Mobile Fundraising Options for Nonprofits

Submitted on Wed, 2/29/2012 - 3:10pm
What are the pros and cons for the various mobile options available to nonprofits?

The mobile demands being placed on organizations by consumers are not limited to the for-profit sector; they are also being placed on nonprofit organizations.

Realizing this, nonprofits are focusing on mobile, especially mobile fundraising and donation strategies. Below are pros and cons for the mobile options available to nonprofits.

SMS/Text Donations

An early mobile solution, text donations are still an option for nonprofits seeking to raise funds through mobile.

Pro: User-friendliness: Sending a text message is about as simple and quick as mobile donations get. Having the donations automatically added to their phone bill is also convenient for donors.­ Donors are not required to have a credit card or even a bank account, and there are no online forms for them to fill out.

Pro: Reach: Any constituent who has a phone with text messaging capabilities can donate, once they find out where the short code is (through a TV commercial or printed add, for instance).

Con: Donation Amounts: $5-$10 limit. Also, there is no option for recurring gifts. One way around the donation limit is to allow text pledging. Nonprofits can ask for the donor’s contact info along with their pledge and then follow up later with a reminder to fulfill the pledge.

Con: Turnaround: 30-90 days to process; donations are received only after the customers pay their phone bills.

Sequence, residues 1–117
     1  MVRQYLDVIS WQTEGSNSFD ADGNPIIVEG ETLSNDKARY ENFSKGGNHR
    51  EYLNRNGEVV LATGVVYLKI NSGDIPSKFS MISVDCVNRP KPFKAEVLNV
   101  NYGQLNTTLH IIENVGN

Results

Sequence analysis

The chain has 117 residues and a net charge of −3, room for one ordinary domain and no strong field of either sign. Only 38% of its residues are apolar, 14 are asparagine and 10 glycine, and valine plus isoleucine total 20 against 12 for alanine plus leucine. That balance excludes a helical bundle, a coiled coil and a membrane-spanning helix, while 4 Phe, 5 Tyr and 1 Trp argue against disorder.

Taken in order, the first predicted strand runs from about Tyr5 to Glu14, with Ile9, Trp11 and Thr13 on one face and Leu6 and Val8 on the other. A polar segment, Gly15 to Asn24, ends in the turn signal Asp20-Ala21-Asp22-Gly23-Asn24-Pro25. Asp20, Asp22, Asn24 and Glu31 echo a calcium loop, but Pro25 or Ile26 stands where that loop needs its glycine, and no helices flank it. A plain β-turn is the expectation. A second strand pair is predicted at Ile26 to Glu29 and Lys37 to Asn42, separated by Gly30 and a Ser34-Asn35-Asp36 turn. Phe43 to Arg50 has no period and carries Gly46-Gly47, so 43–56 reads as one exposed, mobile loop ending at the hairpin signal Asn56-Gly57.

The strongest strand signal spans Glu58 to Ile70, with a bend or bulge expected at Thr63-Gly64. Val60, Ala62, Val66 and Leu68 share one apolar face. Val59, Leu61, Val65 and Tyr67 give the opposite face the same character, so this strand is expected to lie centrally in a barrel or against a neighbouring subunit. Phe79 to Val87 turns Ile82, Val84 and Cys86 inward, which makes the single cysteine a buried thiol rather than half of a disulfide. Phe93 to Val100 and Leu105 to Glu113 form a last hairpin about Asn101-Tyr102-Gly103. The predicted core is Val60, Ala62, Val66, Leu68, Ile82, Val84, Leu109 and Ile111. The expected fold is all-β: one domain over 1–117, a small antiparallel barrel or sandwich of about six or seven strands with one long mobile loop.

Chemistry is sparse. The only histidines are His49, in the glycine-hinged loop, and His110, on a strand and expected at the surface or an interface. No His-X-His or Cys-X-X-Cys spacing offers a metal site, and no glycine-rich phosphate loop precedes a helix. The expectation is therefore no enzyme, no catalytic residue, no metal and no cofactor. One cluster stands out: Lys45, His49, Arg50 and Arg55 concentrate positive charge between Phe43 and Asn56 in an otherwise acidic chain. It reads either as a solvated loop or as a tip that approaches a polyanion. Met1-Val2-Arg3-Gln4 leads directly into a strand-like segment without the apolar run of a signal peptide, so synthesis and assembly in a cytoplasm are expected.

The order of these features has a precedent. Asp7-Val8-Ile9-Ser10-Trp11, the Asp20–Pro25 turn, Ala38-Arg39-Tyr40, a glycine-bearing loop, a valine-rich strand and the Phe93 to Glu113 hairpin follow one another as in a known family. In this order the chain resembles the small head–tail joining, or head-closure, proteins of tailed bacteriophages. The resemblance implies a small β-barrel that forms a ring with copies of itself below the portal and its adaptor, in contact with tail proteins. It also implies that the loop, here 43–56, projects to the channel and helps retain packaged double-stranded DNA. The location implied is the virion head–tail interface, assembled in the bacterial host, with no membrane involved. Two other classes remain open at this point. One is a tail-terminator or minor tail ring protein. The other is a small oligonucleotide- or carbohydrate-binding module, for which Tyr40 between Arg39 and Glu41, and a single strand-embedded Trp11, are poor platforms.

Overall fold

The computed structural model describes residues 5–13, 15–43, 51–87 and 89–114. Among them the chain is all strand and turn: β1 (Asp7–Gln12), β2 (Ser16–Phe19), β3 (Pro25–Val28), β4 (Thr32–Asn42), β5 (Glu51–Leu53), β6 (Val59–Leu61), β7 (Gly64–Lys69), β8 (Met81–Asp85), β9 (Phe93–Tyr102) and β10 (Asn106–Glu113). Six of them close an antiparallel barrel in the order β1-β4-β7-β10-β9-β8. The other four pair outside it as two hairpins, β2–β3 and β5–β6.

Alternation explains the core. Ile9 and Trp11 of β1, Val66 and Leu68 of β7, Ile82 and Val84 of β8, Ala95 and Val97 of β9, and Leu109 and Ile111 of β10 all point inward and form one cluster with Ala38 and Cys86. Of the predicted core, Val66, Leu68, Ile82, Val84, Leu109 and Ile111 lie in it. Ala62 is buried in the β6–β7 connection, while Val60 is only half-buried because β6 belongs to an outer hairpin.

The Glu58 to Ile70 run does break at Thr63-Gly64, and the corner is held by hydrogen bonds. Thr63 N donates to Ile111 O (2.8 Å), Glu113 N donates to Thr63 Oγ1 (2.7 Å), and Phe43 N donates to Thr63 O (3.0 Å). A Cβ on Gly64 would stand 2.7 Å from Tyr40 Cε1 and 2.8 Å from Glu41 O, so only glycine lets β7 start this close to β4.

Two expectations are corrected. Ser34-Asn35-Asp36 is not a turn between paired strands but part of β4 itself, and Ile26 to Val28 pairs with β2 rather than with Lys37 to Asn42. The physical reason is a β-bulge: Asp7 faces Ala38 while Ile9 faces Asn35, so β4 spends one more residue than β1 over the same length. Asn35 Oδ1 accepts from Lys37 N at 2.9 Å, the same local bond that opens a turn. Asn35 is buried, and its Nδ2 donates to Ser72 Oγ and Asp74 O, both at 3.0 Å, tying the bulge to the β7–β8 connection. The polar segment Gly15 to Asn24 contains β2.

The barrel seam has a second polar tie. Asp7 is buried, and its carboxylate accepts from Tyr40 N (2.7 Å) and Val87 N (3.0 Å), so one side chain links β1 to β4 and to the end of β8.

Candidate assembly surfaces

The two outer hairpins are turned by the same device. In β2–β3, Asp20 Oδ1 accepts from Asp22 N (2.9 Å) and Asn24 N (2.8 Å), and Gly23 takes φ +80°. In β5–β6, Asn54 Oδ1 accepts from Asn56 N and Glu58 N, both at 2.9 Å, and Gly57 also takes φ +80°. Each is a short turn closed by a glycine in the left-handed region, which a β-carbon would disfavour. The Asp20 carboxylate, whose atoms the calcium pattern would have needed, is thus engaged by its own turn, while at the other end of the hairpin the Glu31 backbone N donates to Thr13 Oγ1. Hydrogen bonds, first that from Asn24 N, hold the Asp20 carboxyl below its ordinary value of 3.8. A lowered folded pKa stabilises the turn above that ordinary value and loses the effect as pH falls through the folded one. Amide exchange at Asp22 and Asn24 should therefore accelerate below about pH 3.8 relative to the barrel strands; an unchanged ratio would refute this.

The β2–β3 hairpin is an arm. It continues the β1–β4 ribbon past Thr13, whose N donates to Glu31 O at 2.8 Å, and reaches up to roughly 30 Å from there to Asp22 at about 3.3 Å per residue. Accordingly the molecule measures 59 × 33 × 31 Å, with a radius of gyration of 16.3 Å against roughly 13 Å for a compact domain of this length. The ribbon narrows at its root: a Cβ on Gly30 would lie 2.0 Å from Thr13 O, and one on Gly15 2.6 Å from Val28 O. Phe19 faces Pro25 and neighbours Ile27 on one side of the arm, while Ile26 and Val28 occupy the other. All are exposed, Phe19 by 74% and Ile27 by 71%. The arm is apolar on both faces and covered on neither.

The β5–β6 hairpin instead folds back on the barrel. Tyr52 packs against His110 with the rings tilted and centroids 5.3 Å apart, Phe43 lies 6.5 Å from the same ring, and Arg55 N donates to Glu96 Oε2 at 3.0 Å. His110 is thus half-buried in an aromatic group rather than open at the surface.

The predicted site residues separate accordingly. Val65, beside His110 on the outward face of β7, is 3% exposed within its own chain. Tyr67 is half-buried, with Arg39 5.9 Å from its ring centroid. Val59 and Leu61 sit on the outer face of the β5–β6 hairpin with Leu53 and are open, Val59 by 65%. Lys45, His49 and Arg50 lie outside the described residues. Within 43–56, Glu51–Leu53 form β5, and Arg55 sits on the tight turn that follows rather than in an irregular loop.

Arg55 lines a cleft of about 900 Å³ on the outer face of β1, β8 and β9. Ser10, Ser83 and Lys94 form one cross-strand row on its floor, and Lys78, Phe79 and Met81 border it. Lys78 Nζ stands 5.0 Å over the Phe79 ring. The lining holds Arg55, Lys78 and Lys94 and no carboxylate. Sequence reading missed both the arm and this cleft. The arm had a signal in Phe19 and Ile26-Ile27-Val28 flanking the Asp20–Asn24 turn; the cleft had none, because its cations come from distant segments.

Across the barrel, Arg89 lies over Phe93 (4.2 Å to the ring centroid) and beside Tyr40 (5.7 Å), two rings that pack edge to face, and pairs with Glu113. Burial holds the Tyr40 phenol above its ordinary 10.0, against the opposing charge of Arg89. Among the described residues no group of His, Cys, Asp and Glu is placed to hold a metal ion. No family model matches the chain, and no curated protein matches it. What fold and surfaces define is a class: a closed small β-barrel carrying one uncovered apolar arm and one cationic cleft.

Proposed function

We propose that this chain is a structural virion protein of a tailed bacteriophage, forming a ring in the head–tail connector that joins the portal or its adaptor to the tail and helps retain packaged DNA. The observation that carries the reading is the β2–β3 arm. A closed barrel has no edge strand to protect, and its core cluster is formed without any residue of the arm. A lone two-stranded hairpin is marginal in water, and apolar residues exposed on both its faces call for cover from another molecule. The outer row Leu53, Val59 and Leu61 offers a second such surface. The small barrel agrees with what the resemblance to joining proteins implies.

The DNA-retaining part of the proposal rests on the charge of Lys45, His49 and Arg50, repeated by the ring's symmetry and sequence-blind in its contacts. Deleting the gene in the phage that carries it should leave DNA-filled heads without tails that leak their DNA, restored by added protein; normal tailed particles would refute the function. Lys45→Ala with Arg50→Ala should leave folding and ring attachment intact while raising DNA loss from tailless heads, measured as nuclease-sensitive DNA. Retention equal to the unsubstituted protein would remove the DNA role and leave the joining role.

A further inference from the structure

Con: Engagement/Integration (Donor): With text donations, there is no intrinsic next-step for donors. Consequently, mobile engagement is limited to a transaction and ends after the transaction is completed.

Con: Engagement/Integration (Volunteer/Employee): N/A

Con: Red Tape: Mandatory ASPs (application service providers), mandatory foundations and annual budget requirements can all be obstacles in setting up a text donation program.

Con: Expense: Between initial set-up and per-message service costs, 5-10% of each text donation ends up being lost in fees.

Native App

Native apps like “Angry Birds” are hugely popular with smartphone owners. Nonprofits can also develop native apps to reach their constituents and mobile donors.

Con: User-friendliness: Constituents have to find the native app in their device’s app store and download it. Then, they have to manage the native app on their device whenever the app is updated.

Con: Reach: Nonprofits must develop a different native app for each device they want to reach. A native app built for Android, won’t work on BlackBerry, for instance, so nonprofits will need to develop several different native apps in order to reach their constituents effectively. To complicate matters, Apple prohibits charitable donations through its transaction engine, so native app donations are not an option for the second most widely used smartphone operating system.

Pro: Donation Amounts: Unlimited; recurring donations possible.

Pro: Turnaround: Donations processed in real-time.

Pro: Engagement/Integration (Donor): Native apps can extend key business processes, such as CRM, etc. to offer mobile donors true engagement with core business functions. Native apps can also deliver a high-quality user experience to constituents that makes full use of device-specific features. For example, push notifications and camera functions can be integrated.

Pro: Engagement/Integration (Volunteer/Employee): The possibility of allowing volunteers and employees to interact with key business processes via their mobile devices is a reality with native apps.

Con: Red Tape: Native app releases and updates must be approved by app stores, a process that can take weeks.